Regardless of what year or model Volkswagen you own, a pulsing brake pedal is a sure sign that there’s an issue that needs to be addressed fairly quickly. Normally, a pulsing brake pedal doesn’t signify an immediate big problem, but it should be fixed as soon as possible before it turns into one and your safety is put to risk.
What’s Going On?
The pulsation on your Volkswagen’s brake pedal is either due to an issue with your brake system or your suspension.
Brake Rotors: Typically, a pulsation in the brake pedal is a symptom of “warped” rotors. Multiple things can cause rotors to become uneven, but the most frequent issue is heavy braking. Pad material is transferred from the pads to the rotor surface during heavy braking, but that transfer is uneven. Thus, the surface becomes uneven. This unevenness is commonly referred to as “warping,” but in fact the rotors are not warped…they’ve just got some excess pad material on them.
Pulsation in the brake pedal is felt due to the brake pads not being able to grab the surface of rotor evenly. If the rotor surface has as little as three one thousandths of an inch of uneveness, the brake pedal can pulse…especially when light braking is applied.
To fix a warped/uneven rotor, you need to have them “turned” or resurfaced. You also want to make sure that the unevenness on the rotor isn’t the result of some brake system problem.
Other Causes of Pulsing Brakes
Suspension Bushings: Worn bushings on your lower control arms can cause a pulsation in your brake pedal, similar to warped rotors. If you have your brake rotor and pads measured and both come out okay, it could be your worn bushings. It would also be beneficial to check inner and outer tie rod ends, and your ball joints, too, depending on your vehicles mileage.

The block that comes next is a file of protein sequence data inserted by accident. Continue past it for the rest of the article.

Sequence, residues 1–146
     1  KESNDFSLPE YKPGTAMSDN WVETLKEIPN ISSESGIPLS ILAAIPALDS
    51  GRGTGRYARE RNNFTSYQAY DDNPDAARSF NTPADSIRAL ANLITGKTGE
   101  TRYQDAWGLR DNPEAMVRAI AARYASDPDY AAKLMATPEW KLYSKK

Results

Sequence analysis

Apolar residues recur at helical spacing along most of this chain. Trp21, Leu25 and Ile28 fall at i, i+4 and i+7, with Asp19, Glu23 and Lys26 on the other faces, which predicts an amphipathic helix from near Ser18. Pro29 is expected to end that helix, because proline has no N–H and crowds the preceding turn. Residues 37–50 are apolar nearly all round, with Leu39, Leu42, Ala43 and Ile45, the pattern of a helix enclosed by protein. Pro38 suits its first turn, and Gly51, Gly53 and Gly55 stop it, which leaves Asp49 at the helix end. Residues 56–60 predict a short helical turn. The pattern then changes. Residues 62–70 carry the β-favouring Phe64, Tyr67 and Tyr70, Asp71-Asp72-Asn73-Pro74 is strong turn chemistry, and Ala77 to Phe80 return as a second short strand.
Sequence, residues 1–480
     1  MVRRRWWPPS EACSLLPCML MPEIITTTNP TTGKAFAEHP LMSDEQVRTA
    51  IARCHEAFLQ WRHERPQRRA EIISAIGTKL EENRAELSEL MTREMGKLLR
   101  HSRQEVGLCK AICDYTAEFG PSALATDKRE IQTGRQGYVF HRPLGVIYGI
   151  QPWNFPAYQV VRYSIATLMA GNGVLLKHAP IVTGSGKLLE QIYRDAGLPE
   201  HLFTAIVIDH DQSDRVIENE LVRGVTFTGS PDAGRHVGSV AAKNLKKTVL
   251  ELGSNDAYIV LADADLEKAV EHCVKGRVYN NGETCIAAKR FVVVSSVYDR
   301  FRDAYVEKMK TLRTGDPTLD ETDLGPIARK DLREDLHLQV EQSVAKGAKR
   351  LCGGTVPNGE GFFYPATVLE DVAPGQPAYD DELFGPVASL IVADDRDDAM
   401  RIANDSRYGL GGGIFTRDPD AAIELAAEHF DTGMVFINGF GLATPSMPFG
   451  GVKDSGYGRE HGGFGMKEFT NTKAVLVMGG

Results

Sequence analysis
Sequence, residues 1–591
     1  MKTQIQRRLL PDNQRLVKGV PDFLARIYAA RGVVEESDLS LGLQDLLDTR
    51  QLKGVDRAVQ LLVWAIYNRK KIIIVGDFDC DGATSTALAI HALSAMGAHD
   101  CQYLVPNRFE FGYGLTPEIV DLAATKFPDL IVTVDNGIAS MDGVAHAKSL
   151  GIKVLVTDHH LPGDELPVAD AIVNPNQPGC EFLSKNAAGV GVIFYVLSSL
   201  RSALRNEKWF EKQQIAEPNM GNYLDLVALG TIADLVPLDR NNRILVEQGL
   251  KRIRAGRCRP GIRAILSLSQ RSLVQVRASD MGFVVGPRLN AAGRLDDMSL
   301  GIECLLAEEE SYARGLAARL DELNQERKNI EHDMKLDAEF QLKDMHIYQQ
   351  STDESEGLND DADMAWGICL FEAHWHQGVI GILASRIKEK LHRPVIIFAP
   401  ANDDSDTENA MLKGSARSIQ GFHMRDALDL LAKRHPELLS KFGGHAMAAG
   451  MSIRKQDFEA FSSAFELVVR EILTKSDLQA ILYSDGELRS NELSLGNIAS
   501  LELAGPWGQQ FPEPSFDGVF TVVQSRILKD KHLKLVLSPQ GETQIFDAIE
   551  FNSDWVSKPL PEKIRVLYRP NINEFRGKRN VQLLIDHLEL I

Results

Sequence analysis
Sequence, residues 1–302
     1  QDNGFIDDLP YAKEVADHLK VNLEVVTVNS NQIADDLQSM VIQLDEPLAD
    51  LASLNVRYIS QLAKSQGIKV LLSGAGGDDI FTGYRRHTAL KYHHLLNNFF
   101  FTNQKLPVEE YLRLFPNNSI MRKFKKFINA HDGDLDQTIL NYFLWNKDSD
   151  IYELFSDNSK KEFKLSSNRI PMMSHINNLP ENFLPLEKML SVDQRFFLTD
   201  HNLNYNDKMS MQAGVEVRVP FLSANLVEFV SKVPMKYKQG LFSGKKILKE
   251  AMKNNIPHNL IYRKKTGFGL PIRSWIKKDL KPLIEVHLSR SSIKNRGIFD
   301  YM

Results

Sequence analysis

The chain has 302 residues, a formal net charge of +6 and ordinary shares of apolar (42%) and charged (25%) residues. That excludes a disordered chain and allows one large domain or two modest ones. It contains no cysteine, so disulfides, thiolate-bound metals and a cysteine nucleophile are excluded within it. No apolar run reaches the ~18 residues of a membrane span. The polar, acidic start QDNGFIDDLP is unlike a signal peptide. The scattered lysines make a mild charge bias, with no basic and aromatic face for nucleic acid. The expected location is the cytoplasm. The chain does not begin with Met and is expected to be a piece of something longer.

Anti-Lock Brakes (ABS): If you’re braking on an icy or slippery surface, your VW’s ABS system will activate and pulse the brakes very rapidly. If you feel this sensation in the brake pedal and you’re not on a slippery surface, it could be that your ABS wheel speed sensors are malfunctioning. It could also be that the road is more slippery than you think it is.
If the sensors are to blame, there will usually be a check engine code (but not always).
Don’t Mess Around When It Comes To Your Brakes
When a vehicle has a brake problem yet still manages to stop well enough, there’s a tendency among many in the driving population to put off a brake check-up until the next oil change or regularly scheduled service. Don’t be one of these people. Your brakes are critical to your safety, and something as innocuous as an uneven rotor could be a symptom of a major problem.
What’s more, even if your brakes don’t have a major problem, it’s almost always cheaper to fix a brake problem now than later.
So, if you’re having any sort of brake problems at all, it’s time to either a) get out your tools and diagnose the problem yourself or b) get to your local shop for a brake check-up. Considering that most repair shops will check your brakes free of charge, there’s no reason to hesitate.